Last week The Shmata Queen and I had a conversation about some of the changes in our lives and how they seemed to sneak up on us. In particular it covered how we went from being the kids in the office to someplace in between that and the grizzled veteran.
Now you have to remember that the queen is much, much older than I am and as a result is a bit sensitive about her age. Being a smart fellow I was careful not to remind her that in a couple of years she’ll be 50 because she has one hell of a right hook. One of these days I’ll have to teach her not to drop her left because it leaves her wide open.
Anyway, the conversation was timely in that earlier this evening a good friend called and asked me when we got old. I laughed and told him that his punishment for working in television is to constantly be surrounded by utes.
But there is something to it, the conversation that is. I don’t feel particularly old but in certain settings I have really begun to notice it. Two recent examples:
During a meeting with clients they ask how my flight was which leads into a whole conversation about business travel and 9/11. We share stories. I relate how the day felt so surreal to me. I watched the news, saw the towers fall and watched as my son played with his blocks, oblivious to the events around him.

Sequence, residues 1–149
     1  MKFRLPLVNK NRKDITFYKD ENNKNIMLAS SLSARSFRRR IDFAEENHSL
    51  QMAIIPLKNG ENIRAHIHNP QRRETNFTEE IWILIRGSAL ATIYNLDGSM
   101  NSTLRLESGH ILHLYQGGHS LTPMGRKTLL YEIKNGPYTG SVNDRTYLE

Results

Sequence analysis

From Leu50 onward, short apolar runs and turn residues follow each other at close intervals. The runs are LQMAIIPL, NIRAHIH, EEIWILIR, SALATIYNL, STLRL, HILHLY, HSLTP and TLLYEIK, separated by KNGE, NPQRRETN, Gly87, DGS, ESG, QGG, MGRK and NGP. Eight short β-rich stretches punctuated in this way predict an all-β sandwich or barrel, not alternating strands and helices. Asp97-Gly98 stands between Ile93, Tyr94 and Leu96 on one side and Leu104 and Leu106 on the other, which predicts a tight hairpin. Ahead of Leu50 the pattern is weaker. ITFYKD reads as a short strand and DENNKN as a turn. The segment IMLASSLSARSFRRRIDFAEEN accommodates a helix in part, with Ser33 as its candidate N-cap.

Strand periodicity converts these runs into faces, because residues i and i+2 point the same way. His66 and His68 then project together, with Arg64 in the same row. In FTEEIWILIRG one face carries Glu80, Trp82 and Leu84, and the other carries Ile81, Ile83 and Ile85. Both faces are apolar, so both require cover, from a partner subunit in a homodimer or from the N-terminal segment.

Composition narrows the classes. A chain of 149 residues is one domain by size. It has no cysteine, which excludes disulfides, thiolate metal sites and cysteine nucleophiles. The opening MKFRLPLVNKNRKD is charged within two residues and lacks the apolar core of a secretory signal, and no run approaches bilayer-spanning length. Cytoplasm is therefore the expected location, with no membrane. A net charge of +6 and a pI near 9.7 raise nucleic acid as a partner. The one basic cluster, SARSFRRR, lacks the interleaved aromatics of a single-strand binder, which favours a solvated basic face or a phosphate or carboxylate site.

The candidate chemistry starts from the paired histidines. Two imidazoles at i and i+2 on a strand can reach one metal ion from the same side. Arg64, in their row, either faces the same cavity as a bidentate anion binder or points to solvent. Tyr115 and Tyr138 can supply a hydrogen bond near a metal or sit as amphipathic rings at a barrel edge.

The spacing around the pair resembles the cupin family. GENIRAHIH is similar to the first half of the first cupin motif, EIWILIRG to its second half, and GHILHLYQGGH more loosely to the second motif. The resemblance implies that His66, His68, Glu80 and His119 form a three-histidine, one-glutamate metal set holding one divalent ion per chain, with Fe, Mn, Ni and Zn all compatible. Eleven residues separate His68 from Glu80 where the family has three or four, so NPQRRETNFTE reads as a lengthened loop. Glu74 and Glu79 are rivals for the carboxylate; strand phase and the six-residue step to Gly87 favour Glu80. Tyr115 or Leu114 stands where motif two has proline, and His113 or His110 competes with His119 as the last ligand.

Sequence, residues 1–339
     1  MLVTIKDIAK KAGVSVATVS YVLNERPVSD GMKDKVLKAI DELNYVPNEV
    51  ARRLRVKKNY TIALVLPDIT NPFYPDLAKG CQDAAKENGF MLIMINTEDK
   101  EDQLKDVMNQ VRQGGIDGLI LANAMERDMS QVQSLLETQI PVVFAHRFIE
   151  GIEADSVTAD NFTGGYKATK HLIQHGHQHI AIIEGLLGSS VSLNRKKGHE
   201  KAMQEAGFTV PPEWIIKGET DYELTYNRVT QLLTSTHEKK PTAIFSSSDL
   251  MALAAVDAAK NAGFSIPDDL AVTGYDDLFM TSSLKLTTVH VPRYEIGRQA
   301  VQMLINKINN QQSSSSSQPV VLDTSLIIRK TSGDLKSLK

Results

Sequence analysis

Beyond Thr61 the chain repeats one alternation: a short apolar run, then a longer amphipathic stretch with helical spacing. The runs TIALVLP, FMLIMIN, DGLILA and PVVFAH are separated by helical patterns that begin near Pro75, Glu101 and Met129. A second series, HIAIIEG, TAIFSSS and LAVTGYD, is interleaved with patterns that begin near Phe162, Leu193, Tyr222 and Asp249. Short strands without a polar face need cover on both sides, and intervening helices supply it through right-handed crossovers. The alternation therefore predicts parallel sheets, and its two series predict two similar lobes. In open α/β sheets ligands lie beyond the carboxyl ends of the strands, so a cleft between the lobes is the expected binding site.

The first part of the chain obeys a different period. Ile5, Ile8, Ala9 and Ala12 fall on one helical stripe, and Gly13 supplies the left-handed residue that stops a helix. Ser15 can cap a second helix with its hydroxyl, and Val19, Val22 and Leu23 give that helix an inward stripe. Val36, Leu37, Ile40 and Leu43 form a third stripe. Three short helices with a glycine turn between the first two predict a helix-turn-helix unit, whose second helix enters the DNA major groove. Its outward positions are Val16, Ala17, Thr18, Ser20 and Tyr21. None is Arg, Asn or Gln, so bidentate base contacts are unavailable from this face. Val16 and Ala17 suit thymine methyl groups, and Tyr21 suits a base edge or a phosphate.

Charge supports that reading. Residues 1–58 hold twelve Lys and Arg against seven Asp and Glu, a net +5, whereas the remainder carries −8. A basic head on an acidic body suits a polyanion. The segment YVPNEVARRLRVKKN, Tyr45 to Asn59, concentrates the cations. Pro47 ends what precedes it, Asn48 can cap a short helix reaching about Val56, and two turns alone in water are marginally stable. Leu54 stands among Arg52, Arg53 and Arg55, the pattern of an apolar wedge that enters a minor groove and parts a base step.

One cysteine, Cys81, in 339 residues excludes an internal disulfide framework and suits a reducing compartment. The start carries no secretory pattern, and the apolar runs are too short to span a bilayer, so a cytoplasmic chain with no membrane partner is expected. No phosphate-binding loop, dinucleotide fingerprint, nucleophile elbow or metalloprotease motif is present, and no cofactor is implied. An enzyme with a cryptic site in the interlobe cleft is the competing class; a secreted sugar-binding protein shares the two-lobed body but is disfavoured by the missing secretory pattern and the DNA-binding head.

One of the women in the meeting smiles and says that she was in high school and then the other says that she was a freshman in college. Suddenly I realize that I am more than a couple of years older than everyone in there. On the one hand it is not that big a deal, I can still relate to everyone in there. On the other hand none of them are married or parents so they can’t quite relate as well to me.
In the end it didn’t prevent us from coming to an agreement but it did make me think about how fast the years seem to be going by. There is so much to do and so little time to do it in.